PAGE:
[News Focus] Korean harbors brace for 4th industrial revolution
Published : Jan 7, 2019 - 16:21
Updated : Jan 7, 2019 - 16:29
SEJONG -- South Korea is mapping out mid- and long-term plans to become a global logistics hub by introducing “smart” harbors across the country, a project that is expected to last a decade from 2021 to 2030.

The focus of these plans will be 31 harbors designated for trade and 29 for domestic logistics, according to the Ministry of Oceans and Fisheries.

The harbors that will handle exports and imports include Gyeongin, Incheon, Daesan, Pyeongtaek-Dangjin, Boryeong, Janghang, Gunsan, Mokpo, Seogwipo, Gwangyang, Yeosu, Masan, Busan, Ulsan, Pohang, Donghae-Mukho and Sokcho.

Those designated for domestic shipping include Yeonpyeongdo, Daecheon, Biin, Heuksando, Jindo, Chuja, Aewol, Geomundo, Jumunjin and Ulleung.

The ministry said it would be the nation’s fourth port improvement project. “By reinforcing their comprehensive logistics functions, harbors will gain competitiveness on the international stage,” said Rim Hyun-cheol, a director general with the ministry.

Rim predicts that the project will create many jobs and generate considerable added value if the government expands related infrastructure in a timely manner.

The development of smart harbors is a way of preparing for the coming “fourth industrial revolution” era, when harbors will need to be equipped with state-of-the-art technologies such as artificial intelligence, the internet of things and robotics. Some of the harbors will have anchoring facilities for eco-friendly LNG-fueled vessels and inbound and outbound cruise ships.

In the short term, Korea’s goal is to rebound back into the world’s top five shipping nations by bringing in $50 billion (56 trillion won) by 2022 and handling 1.7 metric tons of cargo at its ports.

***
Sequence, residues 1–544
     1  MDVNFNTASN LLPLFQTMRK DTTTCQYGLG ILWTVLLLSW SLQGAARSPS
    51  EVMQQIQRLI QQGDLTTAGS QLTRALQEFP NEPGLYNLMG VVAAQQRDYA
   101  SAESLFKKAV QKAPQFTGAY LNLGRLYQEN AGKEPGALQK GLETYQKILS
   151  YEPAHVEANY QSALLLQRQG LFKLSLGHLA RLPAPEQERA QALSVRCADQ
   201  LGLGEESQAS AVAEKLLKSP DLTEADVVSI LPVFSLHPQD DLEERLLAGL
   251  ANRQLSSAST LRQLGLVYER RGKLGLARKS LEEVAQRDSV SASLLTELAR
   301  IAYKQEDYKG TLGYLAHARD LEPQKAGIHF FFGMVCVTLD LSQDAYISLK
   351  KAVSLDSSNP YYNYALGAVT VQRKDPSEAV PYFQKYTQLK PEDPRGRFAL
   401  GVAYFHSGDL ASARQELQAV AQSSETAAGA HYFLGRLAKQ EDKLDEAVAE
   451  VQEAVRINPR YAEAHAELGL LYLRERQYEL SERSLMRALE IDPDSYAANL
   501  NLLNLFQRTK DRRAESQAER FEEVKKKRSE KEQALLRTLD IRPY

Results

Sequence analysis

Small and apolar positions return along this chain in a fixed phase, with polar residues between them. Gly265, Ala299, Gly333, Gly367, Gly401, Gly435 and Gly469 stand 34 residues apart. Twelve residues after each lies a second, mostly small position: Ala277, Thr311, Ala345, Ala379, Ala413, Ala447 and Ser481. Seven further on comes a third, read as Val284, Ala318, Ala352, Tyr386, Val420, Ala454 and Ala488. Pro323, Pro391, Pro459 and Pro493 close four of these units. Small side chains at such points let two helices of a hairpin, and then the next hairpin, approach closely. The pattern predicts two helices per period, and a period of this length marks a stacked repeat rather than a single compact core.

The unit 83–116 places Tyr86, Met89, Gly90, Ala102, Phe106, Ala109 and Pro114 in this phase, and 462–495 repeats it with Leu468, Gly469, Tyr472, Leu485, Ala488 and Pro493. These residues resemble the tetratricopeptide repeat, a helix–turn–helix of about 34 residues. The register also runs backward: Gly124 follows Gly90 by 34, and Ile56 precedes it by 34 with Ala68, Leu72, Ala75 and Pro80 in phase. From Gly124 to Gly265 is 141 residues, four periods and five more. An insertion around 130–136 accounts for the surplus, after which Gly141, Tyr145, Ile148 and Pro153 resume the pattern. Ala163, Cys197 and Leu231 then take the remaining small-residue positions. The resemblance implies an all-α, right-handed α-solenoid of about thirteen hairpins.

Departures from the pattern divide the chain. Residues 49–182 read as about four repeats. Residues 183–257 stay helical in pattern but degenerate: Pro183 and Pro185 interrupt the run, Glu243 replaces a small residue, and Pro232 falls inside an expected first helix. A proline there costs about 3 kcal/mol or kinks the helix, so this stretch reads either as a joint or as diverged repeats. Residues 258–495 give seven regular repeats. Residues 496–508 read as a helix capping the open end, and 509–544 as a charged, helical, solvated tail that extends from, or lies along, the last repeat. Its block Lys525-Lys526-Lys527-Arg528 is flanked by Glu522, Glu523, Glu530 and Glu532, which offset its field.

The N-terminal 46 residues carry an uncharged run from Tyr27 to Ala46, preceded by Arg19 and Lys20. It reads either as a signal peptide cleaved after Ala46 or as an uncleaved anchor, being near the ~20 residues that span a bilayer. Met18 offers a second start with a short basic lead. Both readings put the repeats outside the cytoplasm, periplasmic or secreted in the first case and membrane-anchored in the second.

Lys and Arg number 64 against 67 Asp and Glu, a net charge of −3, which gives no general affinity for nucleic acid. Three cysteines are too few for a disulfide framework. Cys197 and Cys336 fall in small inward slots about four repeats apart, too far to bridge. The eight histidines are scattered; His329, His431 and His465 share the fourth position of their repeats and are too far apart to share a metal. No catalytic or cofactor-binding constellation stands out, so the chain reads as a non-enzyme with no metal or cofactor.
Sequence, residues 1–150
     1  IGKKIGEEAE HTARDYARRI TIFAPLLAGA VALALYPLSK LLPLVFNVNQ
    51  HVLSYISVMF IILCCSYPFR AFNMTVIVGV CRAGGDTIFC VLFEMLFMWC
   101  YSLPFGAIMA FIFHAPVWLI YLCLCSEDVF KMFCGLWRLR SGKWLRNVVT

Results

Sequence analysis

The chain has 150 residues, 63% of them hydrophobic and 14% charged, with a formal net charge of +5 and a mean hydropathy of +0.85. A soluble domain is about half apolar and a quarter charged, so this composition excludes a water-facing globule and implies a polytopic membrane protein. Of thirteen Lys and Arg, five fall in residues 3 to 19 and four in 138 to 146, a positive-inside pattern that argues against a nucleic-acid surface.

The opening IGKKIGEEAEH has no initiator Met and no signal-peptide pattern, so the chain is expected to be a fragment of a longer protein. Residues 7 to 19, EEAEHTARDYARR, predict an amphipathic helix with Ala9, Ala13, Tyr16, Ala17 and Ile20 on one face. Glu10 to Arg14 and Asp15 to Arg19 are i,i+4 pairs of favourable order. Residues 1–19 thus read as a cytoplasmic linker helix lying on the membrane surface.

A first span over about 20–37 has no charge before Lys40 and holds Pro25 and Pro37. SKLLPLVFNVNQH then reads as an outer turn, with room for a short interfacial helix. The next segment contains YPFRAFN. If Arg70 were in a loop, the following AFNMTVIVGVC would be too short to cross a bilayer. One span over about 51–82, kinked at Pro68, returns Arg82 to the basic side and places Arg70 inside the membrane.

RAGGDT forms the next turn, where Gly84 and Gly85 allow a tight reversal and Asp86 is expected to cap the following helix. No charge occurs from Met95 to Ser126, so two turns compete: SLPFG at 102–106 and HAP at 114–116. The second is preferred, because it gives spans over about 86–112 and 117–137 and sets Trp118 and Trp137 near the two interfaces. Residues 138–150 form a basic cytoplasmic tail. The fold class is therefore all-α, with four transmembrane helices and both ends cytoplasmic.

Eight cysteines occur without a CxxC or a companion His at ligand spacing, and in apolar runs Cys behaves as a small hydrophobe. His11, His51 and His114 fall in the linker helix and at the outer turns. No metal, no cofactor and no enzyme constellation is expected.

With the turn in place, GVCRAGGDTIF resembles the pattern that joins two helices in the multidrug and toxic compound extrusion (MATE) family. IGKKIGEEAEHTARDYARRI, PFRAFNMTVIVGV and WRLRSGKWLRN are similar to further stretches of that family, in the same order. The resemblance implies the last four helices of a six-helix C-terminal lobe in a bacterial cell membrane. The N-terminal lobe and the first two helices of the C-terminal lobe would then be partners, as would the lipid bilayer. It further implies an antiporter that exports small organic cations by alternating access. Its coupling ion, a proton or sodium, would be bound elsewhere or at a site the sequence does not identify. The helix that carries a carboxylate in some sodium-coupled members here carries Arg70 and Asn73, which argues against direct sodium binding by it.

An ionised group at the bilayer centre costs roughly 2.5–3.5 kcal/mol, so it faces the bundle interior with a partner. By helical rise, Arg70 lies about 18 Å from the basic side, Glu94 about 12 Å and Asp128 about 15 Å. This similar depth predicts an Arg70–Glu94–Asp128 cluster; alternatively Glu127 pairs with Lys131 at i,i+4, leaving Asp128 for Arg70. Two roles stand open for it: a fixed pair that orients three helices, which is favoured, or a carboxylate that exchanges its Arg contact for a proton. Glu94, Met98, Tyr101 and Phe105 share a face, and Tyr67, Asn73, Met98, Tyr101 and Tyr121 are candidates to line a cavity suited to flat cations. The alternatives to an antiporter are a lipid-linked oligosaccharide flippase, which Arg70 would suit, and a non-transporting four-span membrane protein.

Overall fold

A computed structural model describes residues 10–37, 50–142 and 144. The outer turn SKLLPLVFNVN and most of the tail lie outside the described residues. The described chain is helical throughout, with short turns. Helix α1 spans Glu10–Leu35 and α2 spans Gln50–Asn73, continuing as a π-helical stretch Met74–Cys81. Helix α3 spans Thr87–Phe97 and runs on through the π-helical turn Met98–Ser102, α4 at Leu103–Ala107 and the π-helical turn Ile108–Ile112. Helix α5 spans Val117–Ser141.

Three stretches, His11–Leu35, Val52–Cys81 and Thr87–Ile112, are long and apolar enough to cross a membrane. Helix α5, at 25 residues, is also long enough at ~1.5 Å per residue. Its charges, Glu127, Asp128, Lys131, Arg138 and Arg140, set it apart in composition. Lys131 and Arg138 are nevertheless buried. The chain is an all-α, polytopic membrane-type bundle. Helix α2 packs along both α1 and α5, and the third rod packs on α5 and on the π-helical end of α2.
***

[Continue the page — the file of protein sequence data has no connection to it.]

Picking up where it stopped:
To reinforce the cruise business, Korea is closely coordinating with neighboring countries to build infrastructure for terminals. An international seminar took place at Busan Harbor’s Cruise Terminal Convention Center in December with four countries participating: Korea, Japan, China and Russia.
Korea Culture and Tourism Institute research fellow Youn Joo speaks at a seminar on cruise tourism.

Jon Joon-soo, former chair professor at Korea Maritime and Ocean University, took on the moderator role in panel discussions at the international gathering. Youn Joo, a research fellow from the Korea Culture and Tourism Institute, commented on the Moon Jae-in administration’s new economic paradigm for the peninsula and Russian President Vladimir Putin’s “East-oriented” policy.

A Japanese expert at the seminar said cruise tourism had expanded rapidly over the past few years in locations such as Okinawa, Nagasaki, Shanghai and Taipei. Participants shared the view that Korean ports should be able to absorb the growing demand for maritime tourism.

The Maritime Ministry has actively increased the budget for cruise terminals at major ports.

In September, the ministry held an opening ceremony for a cruise-only terminal at Busan North Port in the city’s Yeongdo district. It allocated 5.3 billion won out of its 89.6 billion won budget for improvements to the Busan and Busan North ports. As early as the second quarter of this year, the nation’s largest-scale cruise terminal will open in Songdo, Incheon, while international cruise terminals are located in the ports of Sokcho, Jeju and Seogwipo’s Gangjeong.

Last year, in collaboration with the local governments of Incheon, Busan, Jeju, South Jeolla Province and Gangwon Province, the Oceans Ministry invited 10 global cruise ship operators, including Royal Caribbean, Princess, Costa and Carnival, to Korea to improve access to tourism resources at harbors.
(Korea Herald)

On the initiative of Oceans Minister Kim Young-choon, Korea is also vitalizing interchanges with senior officials from China and Japan. In July, vice ministers from all three countries discussed cooperation in this area during the Ministerial Conference on Transport and Logistics in Seoul.

Their joint statement mentioned “tripartite efforts for the Fourth Industrial Revolution in transport technology,” which the Korean government suggested as a way for the three countries to work together to address global issues such as maritime autonomous surface ships -- ships that can operate with varying levels of independence from humans.

All three countries wish to become leaders in the global market, the statement notes, and to develop norms in advanced transport technology by establishing international rules.

Vice Minister Kang Joon-suk of Korea’s Oceans Ministry said the “peaceful mood in Northeast Asia, driven by the recent detente on the Korean Peninsula, will (facilitate) tripartite cooperation in transport and logistics.”

By Kim Yon-se (

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